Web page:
Toys "R" Us is going out of business in the U.S. The iconic chain announced early Thursday that it's seeking bankruptcy court approval to start closing its 735 U.S. stores and liquidating their inventory.
Some 33,000 employees will lose their jobs as a result.
The list includes the Tulsa store near 71st and Memorial.
Toys "R" Us Chairman and Chief Executive Officer Dave Brandon said in a statement, "I am very disappointed with the result, but we no longer have the financial support to continue the Company's U.S. operations."
"… This is a profoundly sad day for us as well as the millions of kids and families who we have served for the past 70 years," he continued.
The Wayne, New Jersey-based retailer said it's negotiating the possible combination of as many as 200 of its top performing U.S. stores with its Canadian operations, and is continuing its reorganization and sale process for its Canadian and international operations in Asia and Central Europe, including Germany, Austria and Switzerland. "The company's international operations in Australia, France, Poland, Portugal and Spain are considering their options in light of this announcement, including potential sale processes in their respective markets," the chain said.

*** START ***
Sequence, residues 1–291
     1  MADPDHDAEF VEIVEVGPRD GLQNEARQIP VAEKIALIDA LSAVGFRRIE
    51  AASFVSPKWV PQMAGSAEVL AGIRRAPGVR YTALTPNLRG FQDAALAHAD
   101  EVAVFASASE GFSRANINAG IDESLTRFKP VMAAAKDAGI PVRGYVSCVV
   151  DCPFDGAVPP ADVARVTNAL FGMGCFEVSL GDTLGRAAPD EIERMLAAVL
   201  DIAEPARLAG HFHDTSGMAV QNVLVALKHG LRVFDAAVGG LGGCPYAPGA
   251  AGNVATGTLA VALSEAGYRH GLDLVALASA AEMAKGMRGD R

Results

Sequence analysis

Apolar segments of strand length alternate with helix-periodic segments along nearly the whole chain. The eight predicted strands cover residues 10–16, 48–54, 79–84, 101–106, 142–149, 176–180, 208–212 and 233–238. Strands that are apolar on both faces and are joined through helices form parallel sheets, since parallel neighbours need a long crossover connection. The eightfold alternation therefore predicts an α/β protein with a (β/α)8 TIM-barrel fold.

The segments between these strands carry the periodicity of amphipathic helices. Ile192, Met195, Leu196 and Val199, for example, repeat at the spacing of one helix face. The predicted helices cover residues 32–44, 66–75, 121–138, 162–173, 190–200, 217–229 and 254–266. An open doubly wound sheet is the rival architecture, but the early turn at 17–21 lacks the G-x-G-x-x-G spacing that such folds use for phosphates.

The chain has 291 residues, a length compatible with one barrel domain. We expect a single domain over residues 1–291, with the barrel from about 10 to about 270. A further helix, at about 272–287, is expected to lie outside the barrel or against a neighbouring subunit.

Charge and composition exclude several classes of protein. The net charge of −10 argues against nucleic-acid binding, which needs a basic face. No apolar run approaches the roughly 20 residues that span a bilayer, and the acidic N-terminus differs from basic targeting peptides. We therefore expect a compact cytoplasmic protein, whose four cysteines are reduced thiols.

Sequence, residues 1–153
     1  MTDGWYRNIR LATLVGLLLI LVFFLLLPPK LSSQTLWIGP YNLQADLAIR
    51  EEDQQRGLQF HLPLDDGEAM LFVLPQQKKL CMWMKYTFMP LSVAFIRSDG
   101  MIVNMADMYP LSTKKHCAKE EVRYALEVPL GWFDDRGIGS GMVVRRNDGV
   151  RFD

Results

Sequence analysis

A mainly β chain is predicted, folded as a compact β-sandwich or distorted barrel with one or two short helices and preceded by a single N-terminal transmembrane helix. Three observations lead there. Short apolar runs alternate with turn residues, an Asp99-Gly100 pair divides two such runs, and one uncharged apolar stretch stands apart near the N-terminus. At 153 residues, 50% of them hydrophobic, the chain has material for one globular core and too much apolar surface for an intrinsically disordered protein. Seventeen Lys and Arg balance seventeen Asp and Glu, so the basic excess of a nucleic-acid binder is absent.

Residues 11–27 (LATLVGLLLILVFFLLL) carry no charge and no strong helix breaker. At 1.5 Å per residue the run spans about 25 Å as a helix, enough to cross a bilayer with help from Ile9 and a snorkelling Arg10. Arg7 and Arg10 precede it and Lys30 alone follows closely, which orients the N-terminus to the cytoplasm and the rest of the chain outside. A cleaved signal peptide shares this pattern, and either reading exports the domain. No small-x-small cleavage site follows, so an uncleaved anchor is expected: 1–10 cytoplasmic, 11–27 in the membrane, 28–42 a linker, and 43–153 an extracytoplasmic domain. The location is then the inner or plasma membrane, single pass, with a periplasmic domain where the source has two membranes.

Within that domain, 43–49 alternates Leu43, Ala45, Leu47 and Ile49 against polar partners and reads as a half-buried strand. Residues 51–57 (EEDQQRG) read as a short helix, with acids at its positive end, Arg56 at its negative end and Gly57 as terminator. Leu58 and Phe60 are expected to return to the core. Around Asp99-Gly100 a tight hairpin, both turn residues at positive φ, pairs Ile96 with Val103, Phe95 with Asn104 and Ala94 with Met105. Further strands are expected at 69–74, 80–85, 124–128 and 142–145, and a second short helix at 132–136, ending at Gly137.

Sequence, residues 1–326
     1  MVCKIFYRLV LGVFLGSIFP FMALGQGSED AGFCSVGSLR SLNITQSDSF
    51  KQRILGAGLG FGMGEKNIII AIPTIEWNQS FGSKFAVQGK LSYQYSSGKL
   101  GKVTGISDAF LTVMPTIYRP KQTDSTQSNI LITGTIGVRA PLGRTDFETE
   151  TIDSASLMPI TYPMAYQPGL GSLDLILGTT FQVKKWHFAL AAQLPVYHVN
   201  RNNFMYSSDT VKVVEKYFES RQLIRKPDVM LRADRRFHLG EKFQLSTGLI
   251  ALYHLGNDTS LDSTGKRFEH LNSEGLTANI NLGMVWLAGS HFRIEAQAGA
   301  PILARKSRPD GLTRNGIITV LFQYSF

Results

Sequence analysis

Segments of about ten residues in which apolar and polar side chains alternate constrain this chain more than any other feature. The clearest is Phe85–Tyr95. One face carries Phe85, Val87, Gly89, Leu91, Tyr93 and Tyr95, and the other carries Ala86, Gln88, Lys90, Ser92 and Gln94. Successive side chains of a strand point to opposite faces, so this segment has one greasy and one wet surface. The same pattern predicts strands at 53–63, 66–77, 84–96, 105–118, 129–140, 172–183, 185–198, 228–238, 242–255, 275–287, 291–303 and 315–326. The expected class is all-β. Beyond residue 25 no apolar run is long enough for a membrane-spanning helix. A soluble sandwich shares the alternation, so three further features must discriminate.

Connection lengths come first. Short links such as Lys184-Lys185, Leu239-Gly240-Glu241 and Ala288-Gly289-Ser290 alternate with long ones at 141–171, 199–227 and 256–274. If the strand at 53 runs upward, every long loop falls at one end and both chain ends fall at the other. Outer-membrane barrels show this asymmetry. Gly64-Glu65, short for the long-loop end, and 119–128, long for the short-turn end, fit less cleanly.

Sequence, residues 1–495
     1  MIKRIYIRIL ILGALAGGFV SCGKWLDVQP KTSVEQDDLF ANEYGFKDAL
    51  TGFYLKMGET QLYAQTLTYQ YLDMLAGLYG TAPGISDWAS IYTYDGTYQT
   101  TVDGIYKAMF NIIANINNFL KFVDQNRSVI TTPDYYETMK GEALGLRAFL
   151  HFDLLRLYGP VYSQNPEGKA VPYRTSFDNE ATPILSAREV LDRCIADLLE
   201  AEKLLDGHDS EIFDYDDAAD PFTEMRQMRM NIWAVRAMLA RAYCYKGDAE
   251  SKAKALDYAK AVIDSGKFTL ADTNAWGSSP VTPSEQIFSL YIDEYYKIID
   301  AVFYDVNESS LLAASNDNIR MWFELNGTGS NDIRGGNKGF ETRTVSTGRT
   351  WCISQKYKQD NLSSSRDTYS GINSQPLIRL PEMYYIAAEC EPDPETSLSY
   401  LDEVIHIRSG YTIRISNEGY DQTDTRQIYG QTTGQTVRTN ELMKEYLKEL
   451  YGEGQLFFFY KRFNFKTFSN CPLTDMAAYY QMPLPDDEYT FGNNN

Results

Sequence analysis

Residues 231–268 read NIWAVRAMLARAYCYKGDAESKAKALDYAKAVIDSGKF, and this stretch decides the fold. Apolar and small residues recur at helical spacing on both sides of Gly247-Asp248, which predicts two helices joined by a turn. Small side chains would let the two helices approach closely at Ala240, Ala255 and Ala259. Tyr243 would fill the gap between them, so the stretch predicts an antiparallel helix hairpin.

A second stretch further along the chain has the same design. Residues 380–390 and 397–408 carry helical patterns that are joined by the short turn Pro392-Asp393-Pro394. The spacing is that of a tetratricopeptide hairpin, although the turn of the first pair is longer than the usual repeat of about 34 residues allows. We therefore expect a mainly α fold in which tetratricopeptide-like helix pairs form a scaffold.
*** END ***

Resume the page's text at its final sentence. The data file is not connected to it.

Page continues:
Inventory of stores in the proposed Canadian transaction would be subject to a right to recall, Toys "R" Us added.
Efforts to sell Toys "R" Us' U.K. business failed and as a result, 100 stores employing 3,000 will close their doors, according to media reports.
Toys "R" Us, which declared bankruptcy in September, was unable to convince creditors to refinance its more than $5 billion in debt, a crushing load that experts say hampered its ability to adapt to the growth in online shopping, among other consumer trends.
Liquidating Toys "R" Us in the U.S. will lead to the largest layoff in the retail sector since at least 2015, and would be 12th-largest job cut announcement since 1993, trailing the 34,000 people who lost their jobs when Circuit City went out of business in 2009, according to Challenger, Grey & Christmas, an executive outplacement firm. Last year alone, retailers cut 76,000 jobs as 7,000 stores closed.
"It would be a tough market for those folks to go into with their specific skills," said Andy Challenger, a vice president at Challenger Grey.